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PIANO OPERA FINAL FANTASY IV/V/VI Live Stream Interview Wrap-Up

PIANO OPERA FINAL FANTASY IV/V/VI Live Stream Interview Wrap-Up

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Did you happen to tune in to the PIANO OPERA FINAL FANTASY IV/V/VI USTREAM interview with Nobuo Uematsu and pianist Hiroyuki Nakayama about the album tonight? I wouldn’t be surprised if you didn’t, as I only found out about it today myself, but about 450 fans tuned into the Famitsu-exclusive stream to hear the interview along with samples from the album.

We have a lot of info for you courtesy of Justin Pfeiffer who I dragged in to listen on OSV’s behalf. Hit the jump for details!

The stream started with the MC entering the recording studio. The place looks pretty nice with red brick walls and wood floors. Uematsu was sporting a nice button-up shirt, and Nakayama was seated at the piano. They engaged in a lengthy discussion of the album while streaming original sound version samples in the background, hinting at the pieces that will be featured on the album. After some commercials for upcoming releases, they again went into the studio and played actual sample recordings of several of the tracks that were mentioned which was a really nice treat.

So, on to the discussion. They talked about the importance of melody to the early Final Fantasy titles, and noted that while they’re still recording, all the arrangements are completed and they’re almost finished recording. There will be 12 tracks on the album covering various styles/emotions, and it won’t feature only popular songs, but also minor ones that should surprise fans.

In terms of what was picked, they took into consideration the scene that the music was attached to more than the piece of music itself. They thought about whether the piece had been arranged before, the overall feeling of the piece, if it would be good for piano, and how fans would respond to a piano-only arrangement if the piece had previously been performed by an orchestra.

After general comments, they delved into the individual titles, playing original versions of tracks in the background while the MC asked Nakayama to spontaneously perform some melodies for fun. They discussed the level of difficulty of the arrangements and whether or not they’re actually playable, with Nakayama admitting that he’s worried about a few of them, even when Uematsu presents the ideas to him.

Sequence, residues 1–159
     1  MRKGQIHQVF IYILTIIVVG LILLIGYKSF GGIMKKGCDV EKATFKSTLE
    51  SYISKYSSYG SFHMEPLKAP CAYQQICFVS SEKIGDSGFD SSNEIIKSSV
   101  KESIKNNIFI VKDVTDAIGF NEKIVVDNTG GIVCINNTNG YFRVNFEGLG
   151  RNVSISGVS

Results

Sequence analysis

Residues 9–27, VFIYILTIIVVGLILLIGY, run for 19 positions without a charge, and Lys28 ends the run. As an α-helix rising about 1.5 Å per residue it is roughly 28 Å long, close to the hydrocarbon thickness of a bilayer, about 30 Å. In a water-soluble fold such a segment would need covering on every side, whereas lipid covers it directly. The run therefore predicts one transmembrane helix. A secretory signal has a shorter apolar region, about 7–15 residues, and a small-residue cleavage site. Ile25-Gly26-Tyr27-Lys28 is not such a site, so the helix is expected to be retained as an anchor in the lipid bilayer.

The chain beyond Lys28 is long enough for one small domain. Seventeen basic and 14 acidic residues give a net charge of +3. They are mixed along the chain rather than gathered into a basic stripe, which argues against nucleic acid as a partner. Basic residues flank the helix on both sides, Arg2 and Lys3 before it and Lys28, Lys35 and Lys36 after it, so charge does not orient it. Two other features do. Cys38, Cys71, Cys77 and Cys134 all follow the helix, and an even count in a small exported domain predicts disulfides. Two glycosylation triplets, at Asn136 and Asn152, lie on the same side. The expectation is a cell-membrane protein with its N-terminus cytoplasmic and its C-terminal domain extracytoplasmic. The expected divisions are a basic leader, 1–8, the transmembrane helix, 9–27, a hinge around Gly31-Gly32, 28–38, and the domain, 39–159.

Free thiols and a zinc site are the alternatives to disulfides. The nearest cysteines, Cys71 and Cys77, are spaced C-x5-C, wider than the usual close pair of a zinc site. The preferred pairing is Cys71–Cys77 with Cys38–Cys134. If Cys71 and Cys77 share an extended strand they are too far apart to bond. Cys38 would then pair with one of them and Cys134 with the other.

Now, on to the individual titles and arrangements:

Final Fantasy IV

First, the “Final Fantasy IV Main Theme” was previewed, including deep bass notes and a fast-paced fluttering melody that was really quite adventurous. I was impressed with Nakayama’s playing. Next, “Troian Beauty,” one of my all-time favorite compositions by Uematsu, sported an elegant arrangement that slowly transitioned into a staccato waltz that didn’t disappoint. Finally, “Theme of Love” was previewed, staying relatively true to the original source.

Final Fantasy V

“Home Sweet Home” is a nice surprise, coming as a nice folky town theme. The arrangement was slow and soothing. The “Main Theme,” on the other hand, was very dynamic, ranging from courageous to uncertain with lovely flourishes throughout. There are also plans to include “Clash on the Big Bridge.”

Final Fantasy VI

“Searching for Friends” will get a nice swinging piano arrangement that was probably one of the best that was previewed on the program tonight, while “Dancing Mad” will get a whopping 10-15 minute arrangement that all agreed would be “impressive if pulled off.” Finally, “SAVE THEM!” is planned to be featured, which has always been one of my favorites, so I’m excited about that. They were considering including the opera scene, but didn’t have space for the 30-minute long piece.
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They closed with preview traielrs for Battle SQ, Beer SQ, and SQ Chips2 and thanked everyone for listening and urged everyone to pick up the CD when it’s released on May 16, 2012.

Overall, I’m kind of surprised by the straightforwardness of some of the arrangements given that they’re creating this album for titles that already have individual piano collections. Some of the arrangements sounded pretty fresh, but we’ll have to wait and see what some of these surprises are and judge come this May.

Let us know what you think of the description of some of these arrangements, the necessity of such an album, and whether or not you appreciate little preview events like this from Square Enix.

[Special thanks to Justin Pfeiffer for translating parts of the interview]

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